Attorney General Eric Holder testified before Congress today in what was the most confrontational hearing over the botched "gunwalking" scheme, a.k.a. Operation Fast and Furious, to date. The investigation has been going on for a year at this point and, as Wired.com's Danger Room reporter Robert Beckhusen writes, it's reached a kind of stalemate, in which the GOP demands documents to prove whether Holder knew about the operation before it became public while Holder insists the Justice Department has already provided "virtually unprecedented access" to Congress. So what's left to do with practically no agreement between the two sides? Exchange a whole lot of fiery, combative statements. Here were the flash points:
Issa and Holder fire off opening remarks Marking the one-year anniversary of the investigation, Congressman Darrell Issa promises he won't let another Groundhog's Day go by without bringing justice to Brian Terry, the border patrol agent shot and killed by a gun sold in the Fast and Furious operation. Holder says he took action as soon as he learned of the mission.
Congresswoman Ann Marie Buerkle plays the death card After calling for Holder's resignation, Rep. Buerkle poses a loaded question. "Let me ask it this way: How many more Border Patrol agents really have to die as part of Operation Fast and Furious for you to take responsibility?” Holder replies that the question is "beneath a member of Congress":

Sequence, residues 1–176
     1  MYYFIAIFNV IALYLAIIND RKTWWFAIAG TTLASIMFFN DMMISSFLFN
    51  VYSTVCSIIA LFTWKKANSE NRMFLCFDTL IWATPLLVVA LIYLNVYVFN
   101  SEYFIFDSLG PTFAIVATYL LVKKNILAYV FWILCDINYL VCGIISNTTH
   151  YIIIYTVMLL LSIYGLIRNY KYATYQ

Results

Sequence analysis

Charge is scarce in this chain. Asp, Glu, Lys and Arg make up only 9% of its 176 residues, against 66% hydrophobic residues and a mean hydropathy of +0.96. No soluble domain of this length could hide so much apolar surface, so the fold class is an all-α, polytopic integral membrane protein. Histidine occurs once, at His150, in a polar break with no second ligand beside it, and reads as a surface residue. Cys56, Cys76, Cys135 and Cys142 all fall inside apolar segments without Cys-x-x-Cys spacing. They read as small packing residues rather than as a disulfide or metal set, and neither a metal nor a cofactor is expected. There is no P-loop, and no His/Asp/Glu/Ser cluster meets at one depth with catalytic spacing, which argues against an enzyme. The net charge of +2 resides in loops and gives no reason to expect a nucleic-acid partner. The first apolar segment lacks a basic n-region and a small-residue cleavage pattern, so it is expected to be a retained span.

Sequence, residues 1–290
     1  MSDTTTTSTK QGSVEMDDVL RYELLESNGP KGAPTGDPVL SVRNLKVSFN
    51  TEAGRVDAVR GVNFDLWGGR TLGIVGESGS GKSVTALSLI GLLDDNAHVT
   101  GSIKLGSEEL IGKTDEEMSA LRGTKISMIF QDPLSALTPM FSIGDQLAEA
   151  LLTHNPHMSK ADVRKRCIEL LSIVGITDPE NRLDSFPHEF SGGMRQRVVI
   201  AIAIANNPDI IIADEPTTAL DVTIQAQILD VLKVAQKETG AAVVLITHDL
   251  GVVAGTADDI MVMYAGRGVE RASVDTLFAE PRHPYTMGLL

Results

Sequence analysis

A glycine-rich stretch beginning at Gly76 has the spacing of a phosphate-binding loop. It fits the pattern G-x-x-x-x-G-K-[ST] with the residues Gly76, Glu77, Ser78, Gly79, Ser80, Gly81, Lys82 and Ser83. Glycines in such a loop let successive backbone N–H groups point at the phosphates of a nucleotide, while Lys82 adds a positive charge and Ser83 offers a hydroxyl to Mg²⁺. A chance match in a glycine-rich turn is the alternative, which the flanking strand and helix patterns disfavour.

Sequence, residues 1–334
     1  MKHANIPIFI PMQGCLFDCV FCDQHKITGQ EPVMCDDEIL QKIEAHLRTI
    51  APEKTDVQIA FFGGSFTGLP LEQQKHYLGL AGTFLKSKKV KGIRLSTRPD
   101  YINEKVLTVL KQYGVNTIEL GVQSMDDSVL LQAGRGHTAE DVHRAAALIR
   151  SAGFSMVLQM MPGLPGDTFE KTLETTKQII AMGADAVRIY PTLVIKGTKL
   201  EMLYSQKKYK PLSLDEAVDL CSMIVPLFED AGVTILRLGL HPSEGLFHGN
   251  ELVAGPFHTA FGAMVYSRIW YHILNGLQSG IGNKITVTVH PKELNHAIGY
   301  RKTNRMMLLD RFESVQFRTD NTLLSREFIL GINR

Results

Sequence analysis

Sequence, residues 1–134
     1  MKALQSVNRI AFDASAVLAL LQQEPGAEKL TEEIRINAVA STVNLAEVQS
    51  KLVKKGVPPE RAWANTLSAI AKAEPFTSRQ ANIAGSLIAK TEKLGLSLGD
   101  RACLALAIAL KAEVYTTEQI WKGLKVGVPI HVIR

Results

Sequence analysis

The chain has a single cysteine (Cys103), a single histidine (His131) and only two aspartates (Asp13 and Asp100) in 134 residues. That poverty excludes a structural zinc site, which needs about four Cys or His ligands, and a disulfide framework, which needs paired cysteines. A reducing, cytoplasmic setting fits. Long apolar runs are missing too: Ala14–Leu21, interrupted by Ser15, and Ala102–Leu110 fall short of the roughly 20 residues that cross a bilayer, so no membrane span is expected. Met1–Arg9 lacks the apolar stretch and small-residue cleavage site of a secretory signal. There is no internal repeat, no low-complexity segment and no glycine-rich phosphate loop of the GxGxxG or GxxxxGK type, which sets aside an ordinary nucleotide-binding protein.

Who told you about Fast and Furious?! Issa probes Holder on which DOJ staffer first told him of the scandal. Holder dances around the question and suggests he may have first found out through the media:
Congressman Raul Labrador calls for Holder's resignation. This time, Holder doesn't mince his words after the Idaho congressman asks him to step down. "That was among the worst things I think I've ever seen in Congress," Holder said. "Maybe this is the way you do things from Idaho or wherever you're from [but] what you have just done just done is, if nothing else, disrespectful:
Holder's full response is here.
This article is from the archive of our partner The Wire.
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